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Saturday
Mar092019

We now turn to our panel of experts

It's the best of times and it's the worst of times, especially for journalists who must report the news as a matter of their own livelihoods.

It's possible that we'll all, journalists included, look back on this time and be able to see clearly the timidity and arrogance of our politics--the timidity of the sort of thinking that's so small, so narrow it's afraid of socialism, invoking once again old Karl Marx as one of the enemies for instance, and the arrogance of truly believing to have answers to questions that have no answers.

The assumption was, for the most part in times past, that we're led by good men and women, the best of the best, when we're now led by the worst of the worst posing as the best of the best. It must be as confusing to journalists as it is to us.

Take for example two of the recent worst best, best worst cases--Brett Kavanaugh the Judge and Mark Meadows the Legislator. As seen on TV and as reported in the daily newspapers, Kavanaugh and Meadows provided two of the most telling journalistic sequences in recent memory. Did no one else see these sad, minor men, one accepting the nomination for his Judgeship from a criminal and then diving far beneath the watertable of the decency and rectitude one would expect of a Judge, and the Legislator parading his racism on national TV, for who they really are? And if they did see the arrogance, why didn't they say something?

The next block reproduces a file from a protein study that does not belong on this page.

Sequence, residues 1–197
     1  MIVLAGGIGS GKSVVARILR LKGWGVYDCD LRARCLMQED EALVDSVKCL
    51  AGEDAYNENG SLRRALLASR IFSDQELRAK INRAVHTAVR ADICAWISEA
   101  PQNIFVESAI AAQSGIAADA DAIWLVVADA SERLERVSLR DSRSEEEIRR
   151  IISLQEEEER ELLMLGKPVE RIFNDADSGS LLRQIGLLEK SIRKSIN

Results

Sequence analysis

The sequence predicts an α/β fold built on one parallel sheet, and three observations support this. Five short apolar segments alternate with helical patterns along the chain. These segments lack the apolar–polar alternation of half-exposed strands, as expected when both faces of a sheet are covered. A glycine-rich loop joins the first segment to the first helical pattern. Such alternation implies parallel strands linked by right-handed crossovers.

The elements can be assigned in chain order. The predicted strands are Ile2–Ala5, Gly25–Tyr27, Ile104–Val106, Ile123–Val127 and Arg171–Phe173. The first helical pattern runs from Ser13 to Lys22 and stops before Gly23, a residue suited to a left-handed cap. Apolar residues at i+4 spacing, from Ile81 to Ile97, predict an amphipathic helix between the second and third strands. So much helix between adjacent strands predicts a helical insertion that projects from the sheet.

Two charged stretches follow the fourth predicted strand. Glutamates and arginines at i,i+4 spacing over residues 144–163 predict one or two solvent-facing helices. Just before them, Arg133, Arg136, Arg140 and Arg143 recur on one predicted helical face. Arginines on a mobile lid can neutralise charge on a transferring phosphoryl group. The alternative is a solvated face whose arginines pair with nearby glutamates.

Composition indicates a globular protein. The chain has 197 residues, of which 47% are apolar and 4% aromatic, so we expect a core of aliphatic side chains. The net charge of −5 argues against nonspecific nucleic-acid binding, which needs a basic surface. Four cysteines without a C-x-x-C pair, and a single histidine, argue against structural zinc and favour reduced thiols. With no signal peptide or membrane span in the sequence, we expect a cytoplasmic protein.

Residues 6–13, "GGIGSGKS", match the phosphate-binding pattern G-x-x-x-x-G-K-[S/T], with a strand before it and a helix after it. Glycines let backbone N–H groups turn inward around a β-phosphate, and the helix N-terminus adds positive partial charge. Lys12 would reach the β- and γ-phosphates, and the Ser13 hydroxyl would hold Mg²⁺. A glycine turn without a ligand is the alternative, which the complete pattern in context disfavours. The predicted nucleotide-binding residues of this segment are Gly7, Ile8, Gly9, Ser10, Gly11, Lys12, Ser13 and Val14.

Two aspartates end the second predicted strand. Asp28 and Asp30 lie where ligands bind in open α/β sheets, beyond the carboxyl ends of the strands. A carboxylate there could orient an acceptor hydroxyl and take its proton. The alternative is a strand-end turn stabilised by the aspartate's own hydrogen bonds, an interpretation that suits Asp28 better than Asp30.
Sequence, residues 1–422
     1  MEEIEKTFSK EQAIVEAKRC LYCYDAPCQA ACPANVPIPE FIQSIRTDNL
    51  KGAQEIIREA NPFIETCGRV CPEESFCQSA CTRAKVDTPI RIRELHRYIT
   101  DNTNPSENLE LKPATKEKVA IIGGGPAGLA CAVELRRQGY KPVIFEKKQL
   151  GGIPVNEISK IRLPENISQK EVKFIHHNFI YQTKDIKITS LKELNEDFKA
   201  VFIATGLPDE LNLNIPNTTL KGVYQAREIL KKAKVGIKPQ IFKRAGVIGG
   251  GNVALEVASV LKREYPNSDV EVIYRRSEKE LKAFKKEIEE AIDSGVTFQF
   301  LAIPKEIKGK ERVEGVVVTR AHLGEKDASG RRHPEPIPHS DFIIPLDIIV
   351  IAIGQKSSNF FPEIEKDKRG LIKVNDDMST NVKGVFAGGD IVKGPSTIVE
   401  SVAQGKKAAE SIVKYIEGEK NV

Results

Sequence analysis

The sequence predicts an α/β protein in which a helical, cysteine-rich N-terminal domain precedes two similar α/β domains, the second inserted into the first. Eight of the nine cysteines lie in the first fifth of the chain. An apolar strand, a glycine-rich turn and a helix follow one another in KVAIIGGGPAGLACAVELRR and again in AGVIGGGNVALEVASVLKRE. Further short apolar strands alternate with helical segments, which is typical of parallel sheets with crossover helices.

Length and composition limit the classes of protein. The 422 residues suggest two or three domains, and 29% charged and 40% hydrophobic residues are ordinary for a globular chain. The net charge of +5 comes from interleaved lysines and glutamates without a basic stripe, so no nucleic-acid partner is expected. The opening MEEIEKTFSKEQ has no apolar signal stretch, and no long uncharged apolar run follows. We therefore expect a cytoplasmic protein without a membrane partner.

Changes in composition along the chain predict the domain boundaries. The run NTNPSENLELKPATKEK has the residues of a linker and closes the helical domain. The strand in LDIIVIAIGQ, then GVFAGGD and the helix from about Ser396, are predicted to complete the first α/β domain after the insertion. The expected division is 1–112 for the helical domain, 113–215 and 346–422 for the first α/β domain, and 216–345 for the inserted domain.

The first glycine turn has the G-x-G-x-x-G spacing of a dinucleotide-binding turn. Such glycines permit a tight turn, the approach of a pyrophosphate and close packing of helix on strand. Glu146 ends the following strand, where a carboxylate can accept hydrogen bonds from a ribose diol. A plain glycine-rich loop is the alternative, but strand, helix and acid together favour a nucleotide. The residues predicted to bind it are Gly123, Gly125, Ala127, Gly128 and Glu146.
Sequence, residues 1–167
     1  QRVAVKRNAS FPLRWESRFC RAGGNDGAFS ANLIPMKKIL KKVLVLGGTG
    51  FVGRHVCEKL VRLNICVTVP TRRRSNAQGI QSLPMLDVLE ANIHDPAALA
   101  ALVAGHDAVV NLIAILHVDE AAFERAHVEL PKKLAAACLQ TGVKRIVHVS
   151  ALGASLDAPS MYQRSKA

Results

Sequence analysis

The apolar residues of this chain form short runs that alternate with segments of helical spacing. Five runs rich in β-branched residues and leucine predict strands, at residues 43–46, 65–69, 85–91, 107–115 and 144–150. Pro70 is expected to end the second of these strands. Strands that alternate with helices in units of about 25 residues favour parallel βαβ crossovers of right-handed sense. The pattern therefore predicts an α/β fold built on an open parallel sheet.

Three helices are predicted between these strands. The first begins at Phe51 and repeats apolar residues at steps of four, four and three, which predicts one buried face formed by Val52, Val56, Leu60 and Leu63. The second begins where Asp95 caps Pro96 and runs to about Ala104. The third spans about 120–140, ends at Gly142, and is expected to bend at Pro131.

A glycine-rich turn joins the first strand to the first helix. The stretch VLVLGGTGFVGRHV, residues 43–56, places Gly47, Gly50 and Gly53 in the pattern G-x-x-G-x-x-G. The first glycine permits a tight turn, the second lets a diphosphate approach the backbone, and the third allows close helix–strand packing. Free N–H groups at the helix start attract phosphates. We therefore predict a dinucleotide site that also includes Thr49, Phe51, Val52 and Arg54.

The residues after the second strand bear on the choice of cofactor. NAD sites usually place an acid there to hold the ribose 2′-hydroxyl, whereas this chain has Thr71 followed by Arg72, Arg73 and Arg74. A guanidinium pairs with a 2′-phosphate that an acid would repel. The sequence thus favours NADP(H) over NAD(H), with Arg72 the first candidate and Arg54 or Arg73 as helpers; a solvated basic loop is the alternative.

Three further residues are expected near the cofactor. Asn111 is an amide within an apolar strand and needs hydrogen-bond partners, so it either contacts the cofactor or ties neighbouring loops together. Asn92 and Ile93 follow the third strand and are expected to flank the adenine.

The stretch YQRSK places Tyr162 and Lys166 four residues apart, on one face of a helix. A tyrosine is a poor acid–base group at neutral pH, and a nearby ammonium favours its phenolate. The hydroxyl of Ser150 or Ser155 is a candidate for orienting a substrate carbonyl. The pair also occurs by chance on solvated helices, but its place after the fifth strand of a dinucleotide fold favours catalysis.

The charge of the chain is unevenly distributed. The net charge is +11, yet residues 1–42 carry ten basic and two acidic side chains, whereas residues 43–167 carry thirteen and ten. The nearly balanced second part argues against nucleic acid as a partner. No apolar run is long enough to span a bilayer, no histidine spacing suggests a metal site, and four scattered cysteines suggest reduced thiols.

Only our Pundits, those semi-quasi journalists, seeking the ultimate truth of the times and able to intepret the nuances of that truth in such a variety of ways, providing us behind-the-scenes glimpses of our social, cultural and political lives, can make sense of either the arrogance of this power or the timidity of our response. All Power to the Pundits, our Panels and Panels of experts who tell us all we need to know. 

Unfortunately for us, or fortunately perhaps, reality being far too much to deal with in either in print journalism form or on TV, journalists themselves make a living in the time that's the best of times and the worst of times, and so their stories, such as they are, are made for mass consumption whether they tell us as little as possible or only as much as we can stand.

Somewhere Jean Genet, a journalist himself, speaks of the dramatic movement of his plays as having action that must be rather evasive--but not vague--in order to leave the spectator confronted with himself alone.

 Pundit-of-the-Year after announcing the renunciation of his own consumption of mass media in a sparsely attended press conference held somewhere in the closed-captioned wilds of northwest Wyoming, spring, 2018.

Reader Comments (1)

A press conference of one, perfect, no obfuscation or ambiguity, love it. The mass media only reports what the owners allow, so there is no need to pay them any mind.

March 11, 2019 | Unregistered CommenterTom Raher

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